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A credit application is a request made by a consumer or a representative of the business for an extension of credit. Typically, a request for credit is made to a credit card company or a business that directly extends credit to its clients and customers. An application for credit can be made online, on the phone, or on paper. A credit application often includes requests for various types of financial information that the credit issuer uses to determine whether it is in its best interest to honor the credit request. In some jurisdictions, the content of an application for credit and the process by which credit decisions are made are strictly regulated.
Various types of businesses extend credit to others. Credit card companies, for example, offer consumers and businesses a line of credit that they can use at any business that accepts their credit cards as a method of payment. Other businesses may offer credit terms to clients by providing goods and services without any up-front payment and then allowing the client to either pay weeks or months later or to set up a payment plan. Issuing credit to someone can be a significant risk, which is why businesses typically ask clients to fill out a credit application before credit is extended.
The information requested on a credit application varies according to pertinent law as well as the preferences of the business issuing the application. In many cases, an individual who is applying for credit will be asked for identifying information such as her name, date of birth, and address. Other information that may be requested includes a national or government identification number, the name of a person's employer, as well as financial information. If a business applies for credit, similar information will be requested, and in many cases the business will be asked to provide references from other companies with which it holds a credit line.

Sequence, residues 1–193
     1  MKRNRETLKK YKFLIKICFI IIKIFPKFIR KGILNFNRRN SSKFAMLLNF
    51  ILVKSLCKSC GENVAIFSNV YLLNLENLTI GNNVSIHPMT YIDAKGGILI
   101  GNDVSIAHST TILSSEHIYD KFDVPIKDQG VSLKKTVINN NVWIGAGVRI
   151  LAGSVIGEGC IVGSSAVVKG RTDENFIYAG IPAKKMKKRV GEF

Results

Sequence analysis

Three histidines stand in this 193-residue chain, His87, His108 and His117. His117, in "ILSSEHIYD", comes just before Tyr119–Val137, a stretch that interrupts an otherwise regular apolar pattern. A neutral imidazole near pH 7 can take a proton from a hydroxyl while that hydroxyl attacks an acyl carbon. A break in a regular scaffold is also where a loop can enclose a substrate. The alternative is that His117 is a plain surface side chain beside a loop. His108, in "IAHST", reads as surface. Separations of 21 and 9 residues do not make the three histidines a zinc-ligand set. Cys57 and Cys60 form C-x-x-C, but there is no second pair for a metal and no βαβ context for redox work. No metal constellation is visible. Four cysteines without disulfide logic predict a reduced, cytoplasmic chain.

Once an application is completed, a credit issuer can review it to make decisions as to whether to honor the request for credit. The credit issuer may also use information from the credit application to decide how much credit to extend to the applicant, as well as the terms under which the credit will be issued. For example, if a creditor notes that an individual's application indicates that he makes a very high salary and has been at his job for a long time, the credit issuer may extend him a high credit limit along with a low interest rate.
Credit laws in some countries restrict the types of questions that can be included on a credit application. For example, in a country that prohibits racial discrimination in credit issuance, a creditor cannot ask a potential client about his race. In addition, some laws require credit applications to disclose aspects of the credit granting process and may require applicants to consent to allowing the creditor to contact credit bureaus or background screening firms.
Very good article. The concepts are defined and examples are applicable.